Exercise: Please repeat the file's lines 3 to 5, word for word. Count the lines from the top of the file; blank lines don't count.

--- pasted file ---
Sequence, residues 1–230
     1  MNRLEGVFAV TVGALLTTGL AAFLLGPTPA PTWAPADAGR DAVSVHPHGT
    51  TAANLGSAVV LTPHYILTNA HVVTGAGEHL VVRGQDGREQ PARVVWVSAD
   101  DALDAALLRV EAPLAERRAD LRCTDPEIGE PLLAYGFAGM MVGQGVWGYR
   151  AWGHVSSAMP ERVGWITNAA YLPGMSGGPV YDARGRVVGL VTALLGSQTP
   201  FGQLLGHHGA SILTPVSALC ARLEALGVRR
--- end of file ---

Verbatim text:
    51  TAANLGSAVV LTPHYILTNA HVVTGAGEHL VVRGQDGREQ PARVVWVSAD
   101  DALDAALLRV EAPLAERRAD LRCTDPEIGE PLLAYGFAGM MVGQGVWGYR
   151  AWGHVSSAMP ERVGWITNAA YLPGMSGGPV YDARGRVVGL VTALLGSQTP